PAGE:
Top of main content

Inflation's eating your savings – what can you do about it?

If you’re a diligent saver, you want to feel financially protected against an uncertain future.

Yet despite recent interest rate rises, high inflation continues to create economic uncertainty.

So, what is inflation, and what can you do to reduce its impact on your money?

What is inflation?

Inflation is the increase in the price of something over time. For example, you may have noticed your weekly shop has gone up and it costs you more to fill your car.

In the 12 months to January 2024, inflation rose by 4.2% according to the Office for National Statistics. That means something that cost £1 a year earlier may now cost you £1.04 or more. When you add it up, it amounts to a significant rise in everyday living costs.

The rise in inflation has been driven by a number of things – from increased demand for goods and services to global events contributing to supply issues and the higher price of oil and gas.

How does inflation affect your savings?

Since 2022, interest rates have been rising on savings accounts. However, inflation remains relatively high. This means your savings are still at risk of losing value in ‘real’ terms as you’ll be able to buy less with your money.

Let's say inflation averages 6% over the next year. That means what costs you £1,000 today would cost you £1,060 in 2025.

If you put £1,000 in an easy-access savings account today paying 4% interest, you’ll earn £1,040 interest over the same period. So, you'd effectively lose £20.

So, what can you do to reduce its impact on your money?

Wait while interest rates are high

Interest rates are set by the Bank of England (BoE) to help steady the economy and control inflation. When interest rates go up, the BoE tries to bring inflation back down to a target of 2%.

While this may have a positive effect on your savings, it also means the cost of borrowing on credit cards, loans or mortgages may go up. It’s a delicate balancing act to keep the economy growing and inflation under control.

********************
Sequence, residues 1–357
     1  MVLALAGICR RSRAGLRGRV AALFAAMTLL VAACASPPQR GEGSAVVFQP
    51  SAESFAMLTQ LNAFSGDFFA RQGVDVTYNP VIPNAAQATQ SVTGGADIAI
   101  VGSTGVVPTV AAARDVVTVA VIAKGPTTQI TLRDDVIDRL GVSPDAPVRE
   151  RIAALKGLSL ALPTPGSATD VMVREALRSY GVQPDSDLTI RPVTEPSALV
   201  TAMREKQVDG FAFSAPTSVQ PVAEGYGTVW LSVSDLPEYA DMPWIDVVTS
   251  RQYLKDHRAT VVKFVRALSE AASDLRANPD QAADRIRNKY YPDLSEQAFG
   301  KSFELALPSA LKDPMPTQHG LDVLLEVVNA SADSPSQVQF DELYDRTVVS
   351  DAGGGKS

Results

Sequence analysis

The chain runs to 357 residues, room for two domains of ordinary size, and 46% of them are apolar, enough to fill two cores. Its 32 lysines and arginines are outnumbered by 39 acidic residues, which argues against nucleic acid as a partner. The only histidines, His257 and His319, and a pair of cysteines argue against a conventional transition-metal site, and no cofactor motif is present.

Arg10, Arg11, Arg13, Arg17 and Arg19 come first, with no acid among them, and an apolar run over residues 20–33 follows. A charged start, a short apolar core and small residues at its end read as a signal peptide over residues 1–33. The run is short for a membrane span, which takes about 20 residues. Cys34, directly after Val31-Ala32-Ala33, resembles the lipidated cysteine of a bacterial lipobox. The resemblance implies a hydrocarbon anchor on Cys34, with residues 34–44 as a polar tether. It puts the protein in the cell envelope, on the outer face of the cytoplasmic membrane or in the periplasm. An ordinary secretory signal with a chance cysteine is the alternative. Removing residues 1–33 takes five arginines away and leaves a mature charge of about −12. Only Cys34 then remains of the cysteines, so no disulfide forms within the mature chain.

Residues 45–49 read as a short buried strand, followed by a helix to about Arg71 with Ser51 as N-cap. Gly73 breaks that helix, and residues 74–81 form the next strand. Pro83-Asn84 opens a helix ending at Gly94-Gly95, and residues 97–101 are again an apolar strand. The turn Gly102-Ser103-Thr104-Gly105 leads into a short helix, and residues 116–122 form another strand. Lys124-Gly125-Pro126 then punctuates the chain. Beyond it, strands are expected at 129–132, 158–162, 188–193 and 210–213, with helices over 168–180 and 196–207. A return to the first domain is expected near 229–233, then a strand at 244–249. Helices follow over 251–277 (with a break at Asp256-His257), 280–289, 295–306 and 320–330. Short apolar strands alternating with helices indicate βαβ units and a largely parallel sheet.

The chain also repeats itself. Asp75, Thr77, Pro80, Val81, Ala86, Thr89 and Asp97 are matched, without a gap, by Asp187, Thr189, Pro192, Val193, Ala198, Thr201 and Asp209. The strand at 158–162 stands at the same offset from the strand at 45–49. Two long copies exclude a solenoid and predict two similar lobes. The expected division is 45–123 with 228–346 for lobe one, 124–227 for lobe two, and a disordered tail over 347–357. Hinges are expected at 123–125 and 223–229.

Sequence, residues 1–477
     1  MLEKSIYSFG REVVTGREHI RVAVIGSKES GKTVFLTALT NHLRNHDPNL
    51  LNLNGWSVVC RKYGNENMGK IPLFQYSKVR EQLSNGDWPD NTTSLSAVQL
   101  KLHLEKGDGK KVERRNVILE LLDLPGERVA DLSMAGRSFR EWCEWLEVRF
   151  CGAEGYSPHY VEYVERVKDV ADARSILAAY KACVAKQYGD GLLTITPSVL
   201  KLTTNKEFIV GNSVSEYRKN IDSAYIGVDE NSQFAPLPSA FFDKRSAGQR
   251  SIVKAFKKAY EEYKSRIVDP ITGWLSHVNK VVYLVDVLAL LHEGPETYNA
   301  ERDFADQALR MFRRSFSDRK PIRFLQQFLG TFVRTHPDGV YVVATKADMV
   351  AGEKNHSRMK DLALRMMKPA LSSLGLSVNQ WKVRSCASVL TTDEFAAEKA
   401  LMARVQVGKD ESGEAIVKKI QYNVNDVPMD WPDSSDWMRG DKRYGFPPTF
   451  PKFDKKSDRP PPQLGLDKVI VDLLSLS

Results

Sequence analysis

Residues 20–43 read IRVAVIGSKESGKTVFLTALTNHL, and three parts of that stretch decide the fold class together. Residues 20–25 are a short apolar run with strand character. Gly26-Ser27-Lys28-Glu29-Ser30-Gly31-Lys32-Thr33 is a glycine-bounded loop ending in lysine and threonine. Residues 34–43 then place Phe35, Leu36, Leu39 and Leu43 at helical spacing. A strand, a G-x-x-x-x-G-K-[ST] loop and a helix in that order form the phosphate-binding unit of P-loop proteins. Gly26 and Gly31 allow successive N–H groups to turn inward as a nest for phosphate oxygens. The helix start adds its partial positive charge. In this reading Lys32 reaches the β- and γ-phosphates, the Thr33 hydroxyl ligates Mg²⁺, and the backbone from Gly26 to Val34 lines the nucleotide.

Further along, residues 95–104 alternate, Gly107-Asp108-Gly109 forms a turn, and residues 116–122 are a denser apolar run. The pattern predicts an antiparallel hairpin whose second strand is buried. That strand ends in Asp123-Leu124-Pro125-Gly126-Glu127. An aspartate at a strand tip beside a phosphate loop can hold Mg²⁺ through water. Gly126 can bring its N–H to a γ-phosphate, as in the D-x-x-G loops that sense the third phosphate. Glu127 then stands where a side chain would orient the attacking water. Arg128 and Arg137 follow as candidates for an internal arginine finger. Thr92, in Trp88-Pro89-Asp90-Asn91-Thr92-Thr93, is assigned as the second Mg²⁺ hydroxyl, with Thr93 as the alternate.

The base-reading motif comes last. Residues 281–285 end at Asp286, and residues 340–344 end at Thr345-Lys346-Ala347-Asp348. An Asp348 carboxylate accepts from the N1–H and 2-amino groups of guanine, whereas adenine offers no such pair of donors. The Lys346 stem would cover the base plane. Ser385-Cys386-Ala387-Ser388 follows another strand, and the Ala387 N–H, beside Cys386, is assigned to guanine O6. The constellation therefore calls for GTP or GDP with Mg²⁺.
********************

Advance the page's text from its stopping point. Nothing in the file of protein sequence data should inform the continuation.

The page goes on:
Explore: Why do interest rates change?

For savers, the benefits of any rise in interest rates could be marginal. When inflation is taken into account, it may take a long time for rising interest rates to offer any real ‘bang for your buck’ on savings accounts.

Consider investing some of your cash

Investing your money over the medium to long term could give it a chance to potentially grow. That’s because investments – such as funds, shares, bonds, and other assets – could increase in value over time compared to simply keeping your money in a savings account.

However, there are no guarantees, and you could get back less than you invest. Ideally, you should be prepared to invest for at least 5 years to give your money a chance to recover from any short-term dips in the market. 

Investment calculator

To see how much your money could be worth in years to come, try our investment calculator.

If you’re considering investing, it may be easier than you think. 

Funds, for example, can be an effective way to spread your risk. Funds are ready-made baskets of investments that save you from having to choose individual investments, such as shares in specific companies.

You simply choose the level of risk you’re comfortable with and set the amount you want to invest each month. The fund will then be managed for you. With HSBC, you can invest from £50. Fees and eligibility criteria apply.

Just be prepared for the value of your investment to jump around. And remember that any investment can fall in value, as well as rise – so you may get back less than you invest. 

Explore: Understanding market volatility

Is investing right for you?

It’s good to have an emergency fund of between 3 to 6 months' expenses saved and easily accessible before you start investing. This way, if you get hit with any unexpected costs, you won’t have to dip into your investment to cover them.

If you’re trying to decide between saving and investing, think about what you’re saving for. Is it something specific, like a house deposit, a new car, or a holiday?

If you think you’ll need the money within 5 years, a savings account may still be the best option because you’ll know that – inflation aside – the value of your money can’t fall. 

If you don’t think you’ll need to access your money for at least 5 years – whether you’re saving for something specific like children’s school feesretirement, or just to have more options with your finances – it might be worth considering investing.

Key takeaway

If you already have an emergency fund and are comfortable taking some risk, investing your money could give it a chance to grow over the long term.

This article was last updated: 20/05/2024, 11:00